Cell cycle, apoptosis and drug sensitivity assay

C4-2B-299 and 22Rv-1-299 sublines and transfected PC-3 cells expressing miR-299 or scrambled RNA were induced with doxycycline and processed for cell cycle analysis using Propidium iodide staining. For apoptosis assays, induced and uninduced C4-2B-299 and 22Rv-1-299 cells were used for annexin V staining using a PE Annexin V Apoptosis Detection Kit (BD Biosciences) as per manufacturer’s protocol. For drug sensitivity experiments, C4-2B-299, 22Rv-1-299, PC-3 and LNCaP-104S cells were seeded in charcoal-stripped FBS (CS-FBS) containing growth media. Twenty-four hours post seeding, expression of miR-299 was induced with doxycycline (1 µg/mL) or cells were left uninduced as controls for C4-2B-299 and 22Rv-299 stable lines. For LNCaP-104S and PC-3 cells, 24 hours post seeding, cells were transfected with the SMARTvector inducible lentiviral shRNA (Dharmacon) containing the cDNAs for scrambled RNA or pLVX-TetOne-miR-299 followed by doxycycline induction 24 hours post transfection. Cells were treated with different concentrations of Enzalutamide (ENZ) or Docetaxel (DTX) for 72 hr before cell viability was analyzed using the MTS-based Cell Titer Aqueous One solution cell proliferation assay kit (Promega) as per manufacturer’s protocol.

RNA immunoprecipitation assay

RNA immunoprecipitation (RIP) was performed using the EZ-Magna RIP RNA Binding Protein Immunoprecipitation kit (EMD Millipore) as per manufacturer’s protocol. Uninduced and induced C4-2B-299 cells at 48 hours post induction with doxycycline were lysed in RIP lysis buffer followed by incubation with magnetic beads conjugated to Anti-Pan Ago mouse monoclonal antibodies (EMD Millipore) or mouse IgG negative control antibodies (EMD Millipore). Following immunoprecipitation, total RNA was isolated by phenol-chloroform extraction and ethanol precipitation. Pulled-down RNA was quantified and evaluated using an RNA agarose gel. Input RNA and pulled down RNA were used for cDNA synthesis and qRT-PCR for miR-299-3p, AR mRNA and VEGFA mRNA quantifications.

Scratch assay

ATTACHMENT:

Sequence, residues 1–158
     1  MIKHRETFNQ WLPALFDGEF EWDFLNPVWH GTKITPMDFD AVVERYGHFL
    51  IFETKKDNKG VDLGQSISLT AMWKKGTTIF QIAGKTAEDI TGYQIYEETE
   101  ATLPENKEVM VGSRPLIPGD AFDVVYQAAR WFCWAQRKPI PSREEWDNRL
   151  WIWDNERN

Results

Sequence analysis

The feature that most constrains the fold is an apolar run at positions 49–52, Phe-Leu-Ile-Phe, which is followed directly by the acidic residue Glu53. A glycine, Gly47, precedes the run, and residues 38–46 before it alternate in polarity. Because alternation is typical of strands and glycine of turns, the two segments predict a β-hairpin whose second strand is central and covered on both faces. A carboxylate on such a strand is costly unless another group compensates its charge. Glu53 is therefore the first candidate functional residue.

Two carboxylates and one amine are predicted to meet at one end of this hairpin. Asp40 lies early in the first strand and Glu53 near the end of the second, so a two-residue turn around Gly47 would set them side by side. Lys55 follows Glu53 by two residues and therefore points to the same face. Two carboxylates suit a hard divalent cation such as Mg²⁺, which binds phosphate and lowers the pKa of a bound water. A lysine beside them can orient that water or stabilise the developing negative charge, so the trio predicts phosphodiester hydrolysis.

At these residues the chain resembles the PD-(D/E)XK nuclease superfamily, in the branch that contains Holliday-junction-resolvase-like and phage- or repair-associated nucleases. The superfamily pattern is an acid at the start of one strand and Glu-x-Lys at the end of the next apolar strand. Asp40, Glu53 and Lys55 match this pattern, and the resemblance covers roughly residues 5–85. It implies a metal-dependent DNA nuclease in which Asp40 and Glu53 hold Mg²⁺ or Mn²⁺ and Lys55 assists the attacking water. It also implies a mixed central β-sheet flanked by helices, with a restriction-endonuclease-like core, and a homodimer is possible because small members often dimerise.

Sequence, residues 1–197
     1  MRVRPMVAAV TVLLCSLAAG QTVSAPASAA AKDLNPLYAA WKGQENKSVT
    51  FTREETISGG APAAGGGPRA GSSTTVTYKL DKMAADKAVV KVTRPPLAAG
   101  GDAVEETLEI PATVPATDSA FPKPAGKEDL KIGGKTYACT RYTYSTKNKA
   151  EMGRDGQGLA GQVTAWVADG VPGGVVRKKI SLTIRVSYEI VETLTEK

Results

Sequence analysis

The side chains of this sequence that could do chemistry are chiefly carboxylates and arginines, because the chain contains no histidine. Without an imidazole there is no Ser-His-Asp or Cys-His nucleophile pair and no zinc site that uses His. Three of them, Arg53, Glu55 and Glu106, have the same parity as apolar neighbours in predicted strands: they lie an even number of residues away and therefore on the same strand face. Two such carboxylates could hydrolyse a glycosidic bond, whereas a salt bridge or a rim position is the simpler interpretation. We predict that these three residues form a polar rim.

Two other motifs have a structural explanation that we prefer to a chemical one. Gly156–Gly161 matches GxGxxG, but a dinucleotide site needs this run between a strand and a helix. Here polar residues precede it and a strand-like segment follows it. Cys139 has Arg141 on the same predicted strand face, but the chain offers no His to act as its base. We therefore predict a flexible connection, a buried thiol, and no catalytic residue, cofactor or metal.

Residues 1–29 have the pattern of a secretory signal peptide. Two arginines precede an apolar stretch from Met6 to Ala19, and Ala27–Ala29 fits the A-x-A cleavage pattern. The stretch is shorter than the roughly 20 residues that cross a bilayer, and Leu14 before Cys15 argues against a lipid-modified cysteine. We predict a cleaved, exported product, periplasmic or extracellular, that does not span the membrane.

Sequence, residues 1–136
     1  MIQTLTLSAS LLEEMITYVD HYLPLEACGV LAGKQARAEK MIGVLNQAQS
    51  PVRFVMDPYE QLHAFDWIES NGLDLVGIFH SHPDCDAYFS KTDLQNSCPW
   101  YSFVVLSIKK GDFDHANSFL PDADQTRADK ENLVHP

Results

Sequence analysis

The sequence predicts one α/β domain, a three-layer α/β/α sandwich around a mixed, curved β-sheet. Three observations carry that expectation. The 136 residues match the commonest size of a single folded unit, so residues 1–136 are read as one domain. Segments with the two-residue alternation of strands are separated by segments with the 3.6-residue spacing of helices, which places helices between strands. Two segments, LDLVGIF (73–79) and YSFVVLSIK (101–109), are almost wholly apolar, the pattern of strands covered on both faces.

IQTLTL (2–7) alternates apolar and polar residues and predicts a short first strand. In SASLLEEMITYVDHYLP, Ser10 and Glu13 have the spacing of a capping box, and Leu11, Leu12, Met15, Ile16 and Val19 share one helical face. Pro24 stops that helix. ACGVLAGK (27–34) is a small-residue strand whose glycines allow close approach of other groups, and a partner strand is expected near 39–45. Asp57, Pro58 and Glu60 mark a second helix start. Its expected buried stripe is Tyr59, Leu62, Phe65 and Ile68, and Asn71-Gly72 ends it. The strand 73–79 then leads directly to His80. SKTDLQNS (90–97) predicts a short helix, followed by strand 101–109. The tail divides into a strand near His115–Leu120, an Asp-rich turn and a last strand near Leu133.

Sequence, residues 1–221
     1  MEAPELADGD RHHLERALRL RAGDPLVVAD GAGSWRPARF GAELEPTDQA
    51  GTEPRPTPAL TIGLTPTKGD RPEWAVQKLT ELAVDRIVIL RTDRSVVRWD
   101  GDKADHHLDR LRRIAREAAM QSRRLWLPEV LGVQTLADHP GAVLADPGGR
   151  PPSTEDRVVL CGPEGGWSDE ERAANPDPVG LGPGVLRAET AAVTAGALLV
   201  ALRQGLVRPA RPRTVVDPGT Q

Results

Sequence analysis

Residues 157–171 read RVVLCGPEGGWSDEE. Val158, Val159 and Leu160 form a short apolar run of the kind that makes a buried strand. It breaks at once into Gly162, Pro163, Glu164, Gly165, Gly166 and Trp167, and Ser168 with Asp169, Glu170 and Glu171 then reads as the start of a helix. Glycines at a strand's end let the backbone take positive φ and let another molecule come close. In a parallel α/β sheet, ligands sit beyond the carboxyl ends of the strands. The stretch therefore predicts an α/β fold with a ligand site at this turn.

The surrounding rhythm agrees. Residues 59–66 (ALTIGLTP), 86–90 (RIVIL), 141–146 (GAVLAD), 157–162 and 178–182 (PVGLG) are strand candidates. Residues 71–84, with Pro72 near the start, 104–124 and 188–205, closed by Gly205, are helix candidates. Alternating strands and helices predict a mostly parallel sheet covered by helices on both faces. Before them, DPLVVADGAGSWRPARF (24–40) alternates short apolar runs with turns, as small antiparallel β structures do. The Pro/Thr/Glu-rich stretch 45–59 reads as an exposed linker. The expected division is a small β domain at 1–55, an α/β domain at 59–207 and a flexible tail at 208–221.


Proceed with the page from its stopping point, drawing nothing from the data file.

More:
C4-2B-299 and 22Rv-1-299 stable cells and PC-3 cells expressing scrambled RNA or miR-299 were used for scratch assays. Cells were induced with doxycycline and scratches were made. Migration of cells within the scratch was visualized and distance traversed quantified at 0 and 14 hrs for PC-3 cells and at 0 and 24hrs for C4-2B-299 and 22Rv-1-299 cells by microscopy.

Xenograft model for tumorigenicity assay

Xenograft experiments were performed using 6-8 weeks old NSG (NOD.Cg-PrkdcscidIl2rgtm1Wjl/SzJ (005557)) mice (Jackson Laboratory) maintained under pathogen-free conditions. Xenograft experiments were performed according to relevant guidelines and regulations using an animal protocol approved by the Animal Ethics Committee/Institutional Animal Care and Use Committee of the University of Central Florida.

C4-2B-299 cells (6 × 106 cells/mouse) mixed with 0.1% matrigel in 100 μl volume were injected subcutaneously into the flank. Once tumor volume reached 300 mm3, animals were randomly selected for uninduced group (5 mice/group) receiving regular feed and induced groups receiving Dox-feed (625 mg doxycycline/kg, Envigo Teklad Diets). Tumor growth was monitored using a caliper and tumor volume was calculated as 0.52 × length × height × width as the tumors grew. Tumors were harvested after the specified time and tumor tissue architecture examined by H&E staining of formalin fixed paraffin embedded sections. Tumors were used for RNA extraction followed by quantitative real-time PCR (qRT-PCR) analysis of miR-299-3p and AR mRNA. Expression of Ki67 proliferation marker was detected using immunofluorescence staining.

Statistical analysis

All statistical analyses were performed using Student’s t-test or one-way ANOVA for independent measures using GraphPad Prizm. The statistical significance was set at p < 0.05.

A detailed description of all the methods, including total RNA extraction, qRT-PCR, maintenance of the PCa cell lines used, protein extraction, western blotting, cell cycle, apoptosis, scratch assay and immunohistochemistry are presented in the supplementary data.